>> amount of data in bulk, rendering the aforementioned end-to-end correlation
>> far less feasible. For an excellent discussion on this attack, and possible
>> countermeasures, see Practical Traffic Analysis: Extending and Resisting
>> Statistical Disclosure.
>>
>> Cascades
>>
>> Much like any mix network, Dissentr models its network as a graph of
>> nodes, each responsible for handling the relay of traffic as it moves along
>> some path through the network. Where Dissentr differs from a network such
>> as Tor is in how this path is constructed. In Dissentr, the network is
>> constructed out of cascades (A term I first heard described by Ian
>> Goldberg, but I've been unable to pin down an original source for):
>> essentially directed, acyclic sub-graphs, in which a node defines a set of
>> "trusted" nodes, through which they are willing to relay traffic through.
>> Dissentr simplifies this model by only allowing for nodes of out-degree 1,
>> at this time. This construction brings about a number of useful results:
>>
>> In the event that a node is known to be compromised, individual nodes are
>> allowed the ability to either remove themselves from a cascade, or bypass
>> untrusted nodes entirely, without the necessity of a trusted third-party.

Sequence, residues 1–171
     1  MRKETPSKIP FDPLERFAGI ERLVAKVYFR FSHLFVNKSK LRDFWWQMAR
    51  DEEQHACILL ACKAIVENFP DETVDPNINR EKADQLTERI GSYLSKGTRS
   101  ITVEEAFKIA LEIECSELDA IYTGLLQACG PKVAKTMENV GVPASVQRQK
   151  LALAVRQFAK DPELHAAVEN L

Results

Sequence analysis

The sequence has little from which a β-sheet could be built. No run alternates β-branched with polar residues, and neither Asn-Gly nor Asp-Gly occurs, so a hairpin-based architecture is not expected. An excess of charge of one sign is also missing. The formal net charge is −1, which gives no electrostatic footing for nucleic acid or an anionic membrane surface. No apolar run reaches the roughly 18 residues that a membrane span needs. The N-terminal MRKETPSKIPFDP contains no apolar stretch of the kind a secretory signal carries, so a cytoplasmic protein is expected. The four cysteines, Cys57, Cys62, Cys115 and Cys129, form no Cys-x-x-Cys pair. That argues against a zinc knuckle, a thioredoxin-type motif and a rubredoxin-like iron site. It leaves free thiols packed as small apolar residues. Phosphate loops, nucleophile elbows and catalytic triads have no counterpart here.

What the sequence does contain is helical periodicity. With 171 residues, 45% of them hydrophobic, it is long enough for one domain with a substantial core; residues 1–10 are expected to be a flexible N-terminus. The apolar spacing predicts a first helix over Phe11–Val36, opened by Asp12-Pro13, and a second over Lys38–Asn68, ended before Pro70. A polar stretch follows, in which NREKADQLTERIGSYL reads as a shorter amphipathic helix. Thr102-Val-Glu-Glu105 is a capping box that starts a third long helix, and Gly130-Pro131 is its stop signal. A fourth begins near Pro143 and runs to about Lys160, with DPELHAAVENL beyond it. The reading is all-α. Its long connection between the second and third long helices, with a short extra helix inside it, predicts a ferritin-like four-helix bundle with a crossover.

>> The network is protected from "supernode invasions," in which an attacker
>> floods the network with compromised nodes, in the hopes of either
>> endangering the network's health, or placing the security of users passing
>> through their nodes at risk of traffic interception, and subsequent
>> analysis. This can be guaranteed because cascades are constructed by virtue
>> of a measure of trust between node-operators, and so long as there exists
>> some non-zero subset of trusted operators, they retain the ability to form
>> a cascade of their own, effectively shutting out the efforts of such an
>> attacker.
>> Use-Cases
>>
>> As mentioned previously, the high-latency nature of the network causes a
>> shift in the sorts of activities best facilitated by its use, however,
>> there do exist some unique opportunities which I have neither seen
>> implemented in the context of a mix network, nor discussed in the
>> literature.
>>
>> A personal favourite idea revolves around creating a platform for
>> political blogging, which, assuming a noisy enough network, would offer
>> political dissidents the ability to freely write about issues of corruption
>> or government abuse, without many of the risks associated with using a
>> lower-latency network like Tor. If it takes a week for a blog post to
>> appear in circulation after the author posts it to the network, it becomes
>> magnitudes more difficult for any assailant to trace the authorship of that
>> blog post - especially if that author never visited the website which hosts
>> their content in the first place!
>>
>> It also becomes a fairly trivial exercise to adapt the network to act as
>> a mixing service for digital currency such as Bitcoin. Furthermore, by
>> breaking the network into a number of smaller, disjoint networks for that
>> purpose, one is be able to counter many of the current attacks which target
>> existing mixing services.